I am implementing a vector in C. I am doing this for the fun of programming, for the fun of learning, and for the use of the data structure in later projects. This is not homework. My question is regarding methodology, not necessarily implementation, therefore I am not really looking for a code review.
Now, I have read over many implementation examples and most of them take the size of an individual element as an argument to the
Vector_create() function, and use this for later
memcpy() calls and what not and more or less keep (for instance) the vector's elements in contiguous memory. In other words, the underlying array is essentially a single
In the implementation I wrote before doing a lot of looking at how other people have done it, I allow(force) the client code to allocate an "object" and pass that as a pointer to the
Vector_append() function. So my underlying array is a
void**. So I guess the real question I am asking is if this is wrong. Wrong as in best practices wrong.
I see that the "normal" way of doing this doesn't use an array of pointers and instead just copies the memory of a struct (for example) into the underlying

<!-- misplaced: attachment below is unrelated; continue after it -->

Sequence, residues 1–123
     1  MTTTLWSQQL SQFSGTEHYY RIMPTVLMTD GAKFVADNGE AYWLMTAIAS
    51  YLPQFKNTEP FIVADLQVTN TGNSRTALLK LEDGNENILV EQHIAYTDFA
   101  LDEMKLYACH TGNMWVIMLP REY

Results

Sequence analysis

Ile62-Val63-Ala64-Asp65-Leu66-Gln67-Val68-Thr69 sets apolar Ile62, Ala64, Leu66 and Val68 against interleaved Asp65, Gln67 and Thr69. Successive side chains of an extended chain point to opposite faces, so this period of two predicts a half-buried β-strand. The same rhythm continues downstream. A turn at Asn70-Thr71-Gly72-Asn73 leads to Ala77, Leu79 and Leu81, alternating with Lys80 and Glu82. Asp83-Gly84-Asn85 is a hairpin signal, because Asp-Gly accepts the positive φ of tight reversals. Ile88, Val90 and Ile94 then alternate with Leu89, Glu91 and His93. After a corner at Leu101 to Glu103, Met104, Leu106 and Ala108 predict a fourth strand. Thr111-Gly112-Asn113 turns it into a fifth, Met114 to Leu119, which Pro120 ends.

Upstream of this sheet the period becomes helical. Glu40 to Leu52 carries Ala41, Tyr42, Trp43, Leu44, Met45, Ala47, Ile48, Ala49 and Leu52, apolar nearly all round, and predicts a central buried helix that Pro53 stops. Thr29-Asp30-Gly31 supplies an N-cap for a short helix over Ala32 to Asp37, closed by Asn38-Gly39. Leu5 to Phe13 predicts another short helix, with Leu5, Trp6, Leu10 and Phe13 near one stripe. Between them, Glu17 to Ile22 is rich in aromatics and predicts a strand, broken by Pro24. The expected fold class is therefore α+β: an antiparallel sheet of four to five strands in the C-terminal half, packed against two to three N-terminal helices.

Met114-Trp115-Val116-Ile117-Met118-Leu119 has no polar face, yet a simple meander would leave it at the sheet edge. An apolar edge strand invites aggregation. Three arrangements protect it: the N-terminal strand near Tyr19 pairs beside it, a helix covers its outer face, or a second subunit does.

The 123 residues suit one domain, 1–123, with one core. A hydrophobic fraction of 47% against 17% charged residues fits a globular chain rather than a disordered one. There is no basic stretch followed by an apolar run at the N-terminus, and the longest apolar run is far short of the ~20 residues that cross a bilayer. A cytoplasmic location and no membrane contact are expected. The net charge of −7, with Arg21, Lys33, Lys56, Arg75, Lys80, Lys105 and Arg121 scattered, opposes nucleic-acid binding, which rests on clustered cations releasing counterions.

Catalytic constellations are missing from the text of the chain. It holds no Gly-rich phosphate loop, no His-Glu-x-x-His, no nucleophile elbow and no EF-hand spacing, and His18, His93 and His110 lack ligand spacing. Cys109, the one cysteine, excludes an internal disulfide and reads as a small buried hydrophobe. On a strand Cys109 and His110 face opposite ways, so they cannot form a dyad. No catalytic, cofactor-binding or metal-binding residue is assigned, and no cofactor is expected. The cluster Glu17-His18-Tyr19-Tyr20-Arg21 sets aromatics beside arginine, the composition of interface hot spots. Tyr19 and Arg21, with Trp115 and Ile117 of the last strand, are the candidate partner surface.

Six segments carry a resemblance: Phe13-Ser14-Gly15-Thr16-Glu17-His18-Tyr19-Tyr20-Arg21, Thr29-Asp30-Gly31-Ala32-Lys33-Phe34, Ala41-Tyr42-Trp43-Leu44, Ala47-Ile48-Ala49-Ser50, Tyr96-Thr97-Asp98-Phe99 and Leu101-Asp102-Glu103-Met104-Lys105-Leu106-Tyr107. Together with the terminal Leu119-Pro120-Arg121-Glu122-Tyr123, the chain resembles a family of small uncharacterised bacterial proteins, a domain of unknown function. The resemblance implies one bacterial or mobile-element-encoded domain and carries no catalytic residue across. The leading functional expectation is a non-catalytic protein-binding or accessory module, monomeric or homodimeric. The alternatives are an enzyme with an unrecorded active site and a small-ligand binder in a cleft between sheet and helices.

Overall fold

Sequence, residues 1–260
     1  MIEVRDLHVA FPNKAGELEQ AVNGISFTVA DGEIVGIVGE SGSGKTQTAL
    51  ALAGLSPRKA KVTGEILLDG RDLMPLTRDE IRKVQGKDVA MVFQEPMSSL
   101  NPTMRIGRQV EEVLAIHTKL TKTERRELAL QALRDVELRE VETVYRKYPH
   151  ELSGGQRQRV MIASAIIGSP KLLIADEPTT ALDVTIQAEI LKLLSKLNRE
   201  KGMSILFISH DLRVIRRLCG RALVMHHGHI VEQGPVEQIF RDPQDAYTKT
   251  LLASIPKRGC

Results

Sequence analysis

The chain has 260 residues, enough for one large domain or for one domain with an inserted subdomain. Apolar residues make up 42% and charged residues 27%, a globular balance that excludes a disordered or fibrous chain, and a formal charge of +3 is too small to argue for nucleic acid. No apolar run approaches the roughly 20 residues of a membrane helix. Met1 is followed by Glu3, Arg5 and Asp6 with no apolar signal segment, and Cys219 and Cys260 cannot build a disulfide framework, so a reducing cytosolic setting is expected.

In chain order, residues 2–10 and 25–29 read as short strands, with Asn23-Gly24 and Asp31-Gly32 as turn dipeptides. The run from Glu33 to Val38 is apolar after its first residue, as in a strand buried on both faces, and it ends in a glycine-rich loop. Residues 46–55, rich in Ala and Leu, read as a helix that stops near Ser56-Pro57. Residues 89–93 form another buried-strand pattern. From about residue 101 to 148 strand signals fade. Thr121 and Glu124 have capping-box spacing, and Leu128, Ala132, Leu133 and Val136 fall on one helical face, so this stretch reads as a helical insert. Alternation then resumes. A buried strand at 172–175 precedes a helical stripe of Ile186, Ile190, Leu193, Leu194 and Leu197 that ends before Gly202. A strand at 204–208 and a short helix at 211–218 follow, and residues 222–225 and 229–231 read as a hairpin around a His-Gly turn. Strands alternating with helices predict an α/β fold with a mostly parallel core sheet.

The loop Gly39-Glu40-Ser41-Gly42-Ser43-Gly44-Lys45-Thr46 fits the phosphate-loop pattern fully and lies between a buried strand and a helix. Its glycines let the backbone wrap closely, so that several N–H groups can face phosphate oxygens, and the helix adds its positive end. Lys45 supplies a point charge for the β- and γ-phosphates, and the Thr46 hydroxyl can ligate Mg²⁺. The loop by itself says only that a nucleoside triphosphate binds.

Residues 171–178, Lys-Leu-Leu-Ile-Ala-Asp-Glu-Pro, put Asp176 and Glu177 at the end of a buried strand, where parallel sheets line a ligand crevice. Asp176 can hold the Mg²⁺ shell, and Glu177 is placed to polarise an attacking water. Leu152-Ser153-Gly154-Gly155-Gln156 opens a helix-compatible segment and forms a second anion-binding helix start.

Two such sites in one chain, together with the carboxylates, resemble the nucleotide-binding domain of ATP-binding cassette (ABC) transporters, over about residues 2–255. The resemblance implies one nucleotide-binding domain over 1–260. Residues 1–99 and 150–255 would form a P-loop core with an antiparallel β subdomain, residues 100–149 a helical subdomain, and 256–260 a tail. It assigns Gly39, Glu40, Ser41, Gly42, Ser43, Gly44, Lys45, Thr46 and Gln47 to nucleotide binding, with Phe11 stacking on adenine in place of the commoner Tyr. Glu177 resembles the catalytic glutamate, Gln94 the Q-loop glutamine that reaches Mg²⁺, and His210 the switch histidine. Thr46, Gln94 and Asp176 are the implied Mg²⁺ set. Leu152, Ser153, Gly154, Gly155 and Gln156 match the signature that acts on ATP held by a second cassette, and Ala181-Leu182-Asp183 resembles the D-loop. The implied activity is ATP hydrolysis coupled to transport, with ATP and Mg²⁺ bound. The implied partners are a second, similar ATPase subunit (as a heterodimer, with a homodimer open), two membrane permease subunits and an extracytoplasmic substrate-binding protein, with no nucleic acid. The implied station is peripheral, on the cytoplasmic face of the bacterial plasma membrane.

void* array and thereby keeping the actual data of the elements contiguous, as mentioned earlier. My way avoids a crap load of
memcpy() because I just copy pointer values, however, I am forcing the client to
malloc() everything that is sent to the vector, and thereby do a bunch of screwing around on the heap.
Along those lines, I do call
free() on the underlying data item when the item is removed, so the vector library does a
free() that the vector library never did the original
malloc() on. Is this bad practice too? The only trouble I seem to get into is if there was a member variable (for lack of a better term) that points to dynamic memory within the struct. It then becomes the client responsibility to
free() that data, but again, the struct itself is freed from within the vector library call